Powered by WebAds

Sunday, June 28, 2009

It's time to talk about Jewish historical rights to the land of Israel

In Friday's Haaretz, Nadav Shragai nailed it:
One might expect more national pride and a clearer, more lucid statement from a government that believes Judea and Samaria are inseparable parts of the historic homeland, and at the very least sees the "settlement blocs" as an inseparable part of the State of Israel in any final status accord. Perhaps a statement in the spirit of Simon Maccabaeus, who said: "We have neither taken other men's land, neither do we hold that which is other men's: but the inheritance of our fathers, which was for some time unjustly possessed by our enemies."

Our friends in the United States, both real and imagined, need to hear from us that the historic, religious, legal and sentimental links that bind the people of Israel with Hebron and Beit El are no less legitimate than those of the Palestinians; that we are not occupiers in our own country and that there are Jews for whom this land is holy, just as it is holy to Palestinians - Jews whose connection to these pieces of land are bound by love, the Bible, tradition, nature and beauty.

Many years ago, a member of the British House of Lords asked Chaim Weizmann why the Jews insist on settling in the Land of Israel when there are so many undeveloped countries that could serve as a national home. Weizmann responded with a question: Why do you drive 200 kilometers every Sunday to visit your mother when there are so many old ladies living on your street?
Read the whole thing.

I admit that I have been guilty of ignoring our historical right to the Land of Israel in many posts in this blog. I have consistently made the argument that a 'Palestinian state' will endanger Israel's security. I have no doubt that argument is correct, and I thought it would resonate with many readers to whom historical rights might be something of less importance. But the security argument no longer resonates with a world in which all political systems are equally valid and all countries are the same. The 'Palestinians' have turned the argument into one over historical rights. It's time that we respond in kind.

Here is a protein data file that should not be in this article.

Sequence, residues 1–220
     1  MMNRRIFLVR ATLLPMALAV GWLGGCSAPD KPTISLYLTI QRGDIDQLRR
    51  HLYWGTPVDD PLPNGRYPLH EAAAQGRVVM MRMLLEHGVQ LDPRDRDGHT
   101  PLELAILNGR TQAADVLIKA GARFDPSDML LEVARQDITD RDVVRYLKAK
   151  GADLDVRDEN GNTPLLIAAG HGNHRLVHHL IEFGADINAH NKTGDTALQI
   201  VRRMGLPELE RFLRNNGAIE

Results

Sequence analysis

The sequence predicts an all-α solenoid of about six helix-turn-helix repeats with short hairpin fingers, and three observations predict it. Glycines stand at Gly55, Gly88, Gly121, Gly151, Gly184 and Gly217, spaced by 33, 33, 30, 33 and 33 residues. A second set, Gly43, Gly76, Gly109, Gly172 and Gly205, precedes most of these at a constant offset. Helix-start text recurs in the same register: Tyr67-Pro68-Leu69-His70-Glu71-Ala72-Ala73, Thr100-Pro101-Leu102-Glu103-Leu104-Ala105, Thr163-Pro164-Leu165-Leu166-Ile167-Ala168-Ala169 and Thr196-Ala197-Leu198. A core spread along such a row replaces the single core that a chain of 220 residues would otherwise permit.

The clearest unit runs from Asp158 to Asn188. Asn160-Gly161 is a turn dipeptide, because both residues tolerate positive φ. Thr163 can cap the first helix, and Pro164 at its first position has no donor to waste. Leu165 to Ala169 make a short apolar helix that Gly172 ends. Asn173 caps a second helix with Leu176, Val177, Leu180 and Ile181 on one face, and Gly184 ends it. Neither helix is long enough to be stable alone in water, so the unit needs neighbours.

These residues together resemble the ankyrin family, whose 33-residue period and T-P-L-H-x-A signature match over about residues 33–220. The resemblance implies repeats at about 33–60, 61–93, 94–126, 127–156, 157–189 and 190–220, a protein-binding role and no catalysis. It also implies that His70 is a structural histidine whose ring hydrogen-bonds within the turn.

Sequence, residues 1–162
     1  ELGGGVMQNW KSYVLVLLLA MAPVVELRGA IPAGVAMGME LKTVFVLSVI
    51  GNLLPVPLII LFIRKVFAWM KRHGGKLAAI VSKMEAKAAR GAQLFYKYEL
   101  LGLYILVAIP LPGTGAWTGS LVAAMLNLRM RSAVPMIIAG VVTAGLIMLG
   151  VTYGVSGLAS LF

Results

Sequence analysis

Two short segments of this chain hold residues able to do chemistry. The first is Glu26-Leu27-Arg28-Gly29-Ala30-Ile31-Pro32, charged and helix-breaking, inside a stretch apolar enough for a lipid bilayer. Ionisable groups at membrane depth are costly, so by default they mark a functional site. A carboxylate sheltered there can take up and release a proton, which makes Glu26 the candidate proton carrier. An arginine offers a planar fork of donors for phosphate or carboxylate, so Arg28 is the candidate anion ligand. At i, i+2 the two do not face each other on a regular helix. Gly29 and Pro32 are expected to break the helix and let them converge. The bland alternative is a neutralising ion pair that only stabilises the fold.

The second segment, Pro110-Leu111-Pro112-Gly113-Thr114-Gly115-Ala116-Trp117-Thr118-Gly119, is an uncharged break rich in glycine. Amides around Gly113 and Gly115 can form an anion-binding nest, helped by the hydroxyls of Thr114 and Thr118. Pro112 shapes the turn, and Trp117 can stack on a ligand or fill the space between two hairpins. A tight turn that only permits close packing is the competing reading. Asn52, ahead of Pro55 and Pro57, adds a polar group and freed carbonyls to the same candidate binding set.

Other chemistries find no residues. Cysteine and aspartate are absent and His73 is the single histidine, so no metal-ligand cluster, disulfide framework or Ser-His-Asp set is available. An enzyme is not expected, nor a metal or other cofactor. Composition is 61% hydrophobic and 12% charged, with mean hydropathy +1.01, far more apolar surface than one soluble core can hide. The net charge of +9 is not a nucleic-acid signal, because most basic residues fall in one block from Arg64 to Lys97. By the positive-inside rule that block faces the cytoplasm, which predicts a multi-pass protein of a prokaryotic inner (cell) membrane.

At 9:27 AM, Blogger NormanF said...

The security argument is an argument based on a necessity justification. A historical argument is based on a rights justification. The Arabs and the world will never agree to Israel's holding onto land gained by force. They will respect an argument that holds the Jewish people have a historical title to Eretz Israel that is valid as a right. The difference lies in that a security situation can and does change; a right on the other hand can never be revoked.The latter is an argument Israel needs to advance more in order to save Yesha.


Post a Comment

<< Home